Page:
To succeed, we need better infrastructure and commercial arrangements that allow for long-term investments.
In this regard, promising things are happening in Norway.
Last year, three exciting hydrogen projects, two of them forming part of the IPCEI framework, were granted the equivalent of 100 million Euros in government support.
One of them was at Tizir, right here in Tyssedal.
They will spend the money on developing new technology that allows them to switch from using coal to green hydrogen as an energy source in their production.
Just this June, the state-owned enterprise Enova granted more than one billion Norwegian kroner/ 100 million Euros in support to five maritime hydrogen hubs along the coast, and to seven different cutting-edge vessels that will run on hydrogen and ammonia.
Later this year, we’ll see the world’s first car ferry with hydrogen-electric propulsion start sailing between Hjelmeland and Ombo.
This shows how Norway can and will push the global development of zero emission solutions!
Friends, you all know that the production of hydrogen requires a lot of energy.
And we know that it makes no sense to produce hydrogen if that causes total emissions to increase.
Production of green hydrogen – using renewable energy – has the advantage of flexibility and proximity to the customers.
However, production of blue hydrogen from natural gas has a larger potential in terms of volume, but may require substantial economies of scale to be profitable.
Norway is well positioned for taking part in both the green and blue hydrogen value chains.
Our electricity mix is almost 100 per cent renewable, and we still have reserves of natural gas.
We also have suitable locations for safe storage of CO2 offshore.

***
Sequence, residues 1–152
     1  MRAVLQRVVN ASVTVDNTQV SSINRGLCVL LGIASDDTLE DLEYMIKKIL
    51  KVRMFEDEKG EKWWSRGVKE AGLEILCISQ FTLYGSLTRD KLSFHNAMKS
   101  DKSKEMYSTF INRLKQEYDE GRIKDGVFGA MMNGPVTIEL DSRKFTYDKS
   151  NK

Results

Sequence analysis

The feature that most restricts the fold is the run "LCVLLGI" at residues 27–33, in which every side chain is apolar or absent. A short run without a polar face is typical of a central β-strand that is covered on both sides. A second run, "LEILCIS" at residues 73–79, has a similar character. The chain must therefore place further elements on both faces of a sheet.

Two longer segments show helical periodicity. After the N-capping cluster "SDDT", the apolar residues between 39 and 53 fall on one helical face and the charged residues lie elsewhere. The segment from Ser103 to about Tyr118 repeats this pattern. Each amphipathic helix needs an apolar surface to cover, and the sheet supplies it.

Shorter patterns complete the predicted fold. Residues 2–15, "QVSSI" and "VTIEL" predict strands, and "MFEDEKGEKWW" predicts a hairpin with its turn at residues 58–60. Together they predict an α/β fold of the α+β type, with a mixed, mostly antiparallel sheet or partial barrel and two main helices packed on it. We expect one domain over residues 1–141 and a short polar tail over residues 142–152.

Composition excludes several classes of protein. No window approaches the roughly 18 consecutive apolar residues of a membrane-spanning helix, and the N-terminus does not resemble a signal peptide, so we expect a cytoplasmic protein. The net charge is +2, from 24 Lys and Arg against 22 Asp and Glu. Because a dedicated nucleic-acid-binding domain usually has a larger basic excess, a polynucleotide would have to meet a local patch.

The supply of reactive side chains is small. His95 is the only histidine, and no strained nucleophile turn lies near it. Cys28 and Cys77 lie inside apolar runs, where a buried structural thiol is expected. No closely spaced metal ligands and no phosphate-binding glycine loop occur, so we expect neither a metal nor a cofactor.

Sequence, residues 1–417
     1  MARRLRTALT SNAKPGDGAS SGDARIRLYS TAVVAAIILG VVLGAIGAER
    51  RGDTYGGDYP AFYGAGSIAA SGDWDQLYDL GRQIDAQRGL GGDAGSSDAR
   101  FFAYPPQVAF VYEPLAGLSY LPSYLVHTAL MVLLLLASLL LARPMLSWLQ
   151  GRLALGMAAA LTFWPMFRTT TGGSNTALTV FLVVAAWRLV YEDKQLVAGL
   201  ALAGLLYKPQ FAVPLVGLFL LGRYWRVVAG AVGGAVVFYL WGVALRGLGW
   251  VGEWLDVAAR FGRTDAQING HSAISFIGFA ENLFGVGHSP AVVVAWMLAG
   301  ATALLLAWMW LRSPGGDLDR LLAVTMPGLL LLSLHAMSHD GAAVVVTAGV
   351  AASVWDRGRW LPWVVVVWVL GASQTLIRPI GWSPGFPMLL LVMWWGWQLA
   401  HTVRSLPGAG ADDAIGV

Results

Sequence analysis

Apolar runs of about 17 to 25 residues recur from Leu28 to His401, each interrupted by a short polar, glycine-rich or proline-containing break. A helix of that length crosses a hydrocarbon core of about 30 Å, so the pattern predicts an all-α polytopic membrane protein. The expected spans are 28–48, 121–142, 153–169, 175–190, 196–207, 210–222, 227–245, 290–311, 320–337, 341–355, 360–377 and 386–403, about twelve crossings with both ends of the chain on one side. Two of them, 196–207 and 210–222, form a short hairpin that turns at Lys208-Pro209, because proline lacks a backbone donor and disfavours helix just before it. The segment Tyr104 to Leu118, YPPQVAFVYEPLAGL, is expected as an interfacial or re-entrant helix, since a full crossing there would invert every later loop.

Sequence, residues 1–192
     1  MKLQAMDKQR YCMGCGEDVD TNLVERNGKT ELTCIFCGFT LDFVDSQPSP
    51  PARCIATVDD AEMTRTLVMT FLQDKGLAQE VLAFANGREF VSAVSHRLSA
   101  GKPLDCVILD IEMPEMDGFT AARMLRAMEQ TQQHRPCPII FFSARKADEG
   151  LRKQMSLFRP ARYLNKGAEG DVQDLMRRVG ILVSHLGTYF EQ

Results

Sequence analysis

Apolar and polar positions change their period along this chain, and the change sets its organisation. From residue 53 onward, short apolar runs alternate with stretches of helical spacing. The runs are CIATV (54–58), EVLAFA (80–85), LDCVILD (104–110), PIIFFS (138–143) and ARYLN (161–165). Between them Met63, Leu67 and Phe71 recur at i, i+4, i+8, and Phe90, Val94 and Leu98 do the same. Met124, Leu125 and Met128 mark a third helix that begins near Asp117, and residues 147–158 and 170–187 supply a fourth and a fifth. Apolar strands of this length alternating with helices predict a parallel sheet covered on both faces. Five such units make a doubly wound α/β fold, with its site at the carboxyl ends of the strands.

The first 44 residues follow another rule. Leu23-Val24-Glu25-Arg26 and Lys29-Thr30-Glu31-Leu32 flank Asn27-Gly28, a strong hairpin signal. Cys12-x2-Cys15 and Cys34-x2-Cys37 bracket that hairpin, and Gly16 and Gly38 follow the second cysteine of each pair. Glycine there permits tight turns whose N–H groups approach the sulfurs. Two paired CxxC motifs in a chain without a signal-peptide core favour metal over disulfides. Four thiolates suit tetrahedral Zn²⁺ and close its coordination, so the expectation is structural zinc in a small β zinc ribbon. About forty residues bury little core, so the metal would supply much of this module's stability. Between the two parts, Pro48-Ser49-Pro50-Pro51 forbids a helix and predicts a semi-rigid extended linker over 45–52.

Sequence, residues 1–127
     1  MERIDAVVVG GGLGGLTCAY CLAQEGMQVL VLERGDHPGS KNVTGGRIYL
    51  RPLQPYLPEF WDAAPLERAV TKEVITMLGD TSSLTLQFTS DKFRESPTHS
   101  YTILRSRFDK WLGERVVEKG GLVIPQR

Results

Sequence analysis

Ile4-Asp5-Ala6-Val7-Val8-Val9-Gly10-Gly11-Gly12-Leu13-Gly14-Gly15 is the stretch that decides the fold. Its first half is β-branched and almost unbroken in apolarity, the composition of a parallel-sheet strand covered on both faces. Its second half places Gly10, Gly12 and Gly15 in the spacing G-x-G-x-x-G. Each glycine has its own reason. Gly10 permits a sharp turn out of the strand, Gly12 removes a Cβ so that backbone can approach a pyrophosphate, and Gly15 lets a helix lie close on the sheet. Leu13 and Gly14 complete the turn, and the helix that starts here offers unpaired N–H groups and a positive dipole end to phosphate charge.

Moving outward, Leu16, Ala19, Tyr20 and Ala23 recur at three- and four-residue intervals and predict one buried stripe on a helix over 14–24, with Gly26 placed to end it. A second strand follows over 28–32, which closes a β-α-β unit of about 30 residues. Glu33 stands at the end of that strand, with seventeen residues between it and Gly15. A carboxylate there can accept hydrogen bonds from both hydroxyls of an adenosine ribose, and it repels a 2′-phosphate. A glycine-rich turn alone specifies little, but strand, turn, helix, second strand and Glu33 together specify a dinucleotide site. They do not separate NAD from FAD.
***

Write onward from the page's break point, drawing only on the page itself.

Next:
Earlier this year, we announced an ambition to open for 30 GW of offshore wind production in Norway by 2040.
In the longer term, production of hydrogen could be coupled with production of renewable, offshore wind power.
And last, but not least: Norway has the most valuable resource of all – a supply industry with highly skilled and experienced workers, eager to apply their knowledge from the oil and gas industry to new areas.
This gives us a “flying start” for exporting both services and technology within the hydrogen industry.
Dear friends, to me it is obvious that Norway has the elements needed for green growth from hydrogen.
At the same time: we cannot – and we will not – do this all alone.
We want to contribute to developing a thriving hydrogen market in Europe.
As with the national market, the production has to be built on demand.
And guess what? That demand is already there – and it is increasing.
When I travel to Germany, I’m met with great interest in the development of a Norwegian hydrogen industry, and the potential for importing Norwegian hydrogen.
We are also in talks with other countries about using the Norwegian advantages and capabilities to deliver hydrogen.
Russia’s war of aggression in Ukraine has shown us the importance of energy security.
Europe can no longer be dependent on the cooperation of authoritarian regimes.
In the time to come, it will be extremely important to speed up the development of alternative energy sources that can replace fossil fuels, and the needed infrastructure.
Dear friends, change is needed now, towards a greener world and a greener future.
One of the big contributions Norway can make is through its development of the hydrogen industry.
It is necessary to make hydrogen a competitive, safe and accessible alternative.
To accomplish that, we have to work together.
Across industries, across the public and private sector and across borders.
Soon, our industrial partners in France, in Brazil and many other places will learn the meaning of these wonderful Norwegian phrases:
«Grønne industriarbeidsplasser» and «øke eksporten utenom olje og gass».
Thank you so much for your attention!